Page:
Learning doesn't end when school does

Learning doesn't end when school does

To quote John Lennon, she’s not a girl who misses much.

For as long as I’ve known my wife — and we’re talking thousands of days and nights, dating back to fall 1987 when I was 32 — she’s proven herself to be a whip smart lady, able to see around corners, a 3-D chess wizard even as I messed around with checkers.

Which was why it was passing strange when, after spending the afternoon on the beach, I decided to shave off my beard, a bone of contention throughout our time together, lo these many years, and it took her the better part of 20 hours to even notice.

For a while I doubted I’d even done it — that’s how weird it was.

I thought she’d be thrilled, excited maybe, but alas, that didn’t happen, so I chalked it up to some sort of married-couple syndrome, the kind that helps infuse best-selling books and popular movies with their “I know that feeling” vibe, which makes millions.

Instead, I waited … and waited … and waited some more.

I’m good at that, actually, which helped when I first decided to cultivate the unshaven look. It was the summer of the bicentennial, and long story short, I spilled a gallon of red paint over my head as I worked to complete the final touches on a sign outside one of my little town’s prettier parks. I knew I must look ghastly hideous, so rather than return to the maintenance building looking like a survivor of the "Texas Chainsaw Massacre," I made my way home on my own, slogging through creeks and alleys, feeling alienated.

Then after all that nonsense and getting most of my hair cut off, it was time to head back to college and, well, that’s when I decided to grow my first beard. Mom was like, “You look like a bum from Hogan’s Alley,” a reference I didn’t understand but took to mean the woman who had given me life was, um, reconsidering.

This, I believe, was quite similar to my wife’s virulent antipathy to my occasional hirsute appearance, which I suspect it had something to do with her preference for the clean-shaven look which, when paired with shoulder-length hair, pleased her.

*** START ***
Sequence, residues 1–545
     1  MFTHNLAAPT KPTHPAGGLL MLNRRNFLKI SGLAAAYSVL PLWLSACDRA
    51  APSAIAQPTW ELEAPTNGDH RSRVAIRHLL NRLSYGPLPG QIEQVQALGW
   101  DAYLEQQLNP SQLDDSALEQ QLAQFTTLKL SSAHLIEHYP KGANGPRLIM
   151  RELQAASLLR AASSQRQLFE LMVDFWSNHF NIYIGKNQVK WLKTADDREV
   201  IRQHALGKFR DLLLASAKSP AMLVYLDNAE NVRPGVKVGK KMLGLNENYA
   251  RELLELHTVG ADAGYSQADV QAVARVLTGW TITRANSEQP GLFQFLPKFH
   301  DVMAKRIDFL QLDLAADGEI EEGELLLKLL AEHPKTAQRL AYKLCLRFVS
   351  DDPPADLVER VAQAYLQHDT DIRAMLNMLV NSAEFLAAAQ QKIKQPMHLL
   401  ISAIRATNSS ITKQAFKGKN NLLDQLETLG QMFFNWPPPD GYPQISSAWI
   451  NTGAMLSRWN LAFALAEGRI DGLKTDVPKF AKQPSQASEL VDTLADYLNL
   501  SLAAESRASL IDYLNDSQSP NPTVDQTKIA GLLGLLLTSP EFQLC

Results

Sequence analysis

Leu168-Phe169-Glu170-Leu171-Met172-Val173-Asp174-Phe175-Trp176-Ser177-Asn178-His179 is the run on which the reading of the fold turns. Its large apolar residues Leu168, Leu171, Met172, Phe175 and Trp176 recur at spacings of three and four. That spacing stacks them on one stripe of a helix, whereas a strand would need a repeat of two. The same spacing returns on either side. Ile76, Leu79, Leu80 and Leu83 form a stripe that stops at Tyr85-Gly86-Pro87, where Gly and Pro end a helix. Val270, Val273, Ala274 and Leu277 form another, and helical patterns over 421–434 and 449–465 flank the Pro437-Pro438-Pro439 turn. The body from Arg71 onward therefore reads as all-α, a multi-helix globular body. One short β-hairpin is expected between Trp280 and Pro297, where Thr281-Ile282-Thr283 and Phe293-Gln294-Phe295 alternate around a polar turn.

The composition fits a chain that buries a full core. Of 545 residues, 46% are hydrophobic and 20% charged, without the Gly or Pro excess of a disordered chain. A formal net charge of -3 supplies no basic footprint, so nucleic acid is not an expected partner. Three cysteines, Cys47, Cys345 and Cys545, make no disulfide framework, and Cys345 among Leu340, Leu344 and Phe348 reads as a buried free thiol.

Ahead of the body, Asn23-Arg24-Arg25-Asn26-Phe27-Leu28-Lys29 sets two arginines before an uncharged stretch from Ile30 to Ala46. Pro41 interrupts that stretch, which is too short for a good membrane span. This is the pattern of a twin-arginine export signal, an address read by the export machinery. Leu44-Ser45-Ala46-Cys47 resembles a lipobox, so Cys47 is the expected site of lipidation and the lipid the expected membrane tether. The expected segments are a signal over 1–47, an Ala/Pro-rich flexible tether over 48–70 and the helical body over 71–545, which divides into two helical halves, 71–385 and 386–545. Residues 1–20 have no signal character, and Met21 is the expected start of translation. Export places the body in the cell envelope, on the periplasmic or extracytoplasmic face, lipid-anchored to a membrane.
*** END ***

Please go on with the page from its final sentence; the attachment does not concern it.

It’s all rather flattering, and I’d be the last guy to suggest otherwise, owing to my rather narcissistic tendencies, my deeply rooted sense of self worth and a winning — or so I’ve been told — type of humility, a kind of “Aw shucks, ma’am” thing that often works.

Nothing wrong with a little self-effacing charm is there?

For many years I followed the same course of action, whereupon once the final out of last game of the World Series had been recorded, I would not shave until the following spring, when pitchers and catchers reported to training camp. This was roughly four months — which encompassed the entire holiday season — during which time my wife oh-so-subtly hid her displeasure.

But I knew … oh yes, I knew.

There was an additional mitigating ingredient to my annual “tradition,” one probably best labeled “laziness.” Despite the fact my father was an electric shaver believer — he gifted me one on the occasion of my 16th birthday (no Mustang in the driveway for me) — I’ve always been partial to sharp blades and rich lather.

I mean if I was going to do it, I was going to do it right.

Which is how I found myself staring into the bathroom mirror a couple of weeks ago, sand in every crevice and cranny of my 68-year-old body, thinking, “I believe I’ll surprise my lovely wife.”

And an hour later, I debuted the brand-new me … to utter silence.

Well, that’s not entirely true. My wife wanted to talk about the house being built across the street and the latest episode of “Succession” and what I might like to take to work for lunch.

Then it was onto her latest plans for her family reunion in the fall, a massive undertaking that makes preparations for D-Day seem almost haphazard, a labor of love to which she devotes incredible energy every other year. By means of clumsy contrast, when it comes to attending my 50th class reunion with her this summer, I’m more of the “Is it that time already?” school of thought.

All the while, standing there in the kitchen, freshly shaven again after many months, I felt less visible than Banquo’s ghost and no more relevant than Notre Dame football under Gerry Faust’s watch.

Speaking of my alma mater, I was sitting on the beach at Emerald Isle, sporting an ND T-shirt, when I guy about my age ambled over.

“My daughter married a grad,” he said. “They’re in Chicago.”

“Nice,” I said. “Lots of alums up there, a few friends of mine.”

“Good school,” he said. “What year did you graduate?”

I told him and was about to launch into the story about how the president spoke at the ceremony and how the Secret Service searched everyone and how some of us tossed peanuts onstage … when I felt my wife tugging at my elbow, the universal sign I was about to venture into humble-bragging territory and to shut up.

All of which is to say that when she finally noticed, way back when, that I’d shaved, I have a feeling she’d known for a while.

Like John Lennon said all those years ago, she doesn’t miss much.

Mike Dewey can be reached at CarolinamikeD@aol.com or 6211 Cardinal Drive, New Bern, NC 28560. He invites you to join the fun on his Facebook page, where laziness is considered a virtue.

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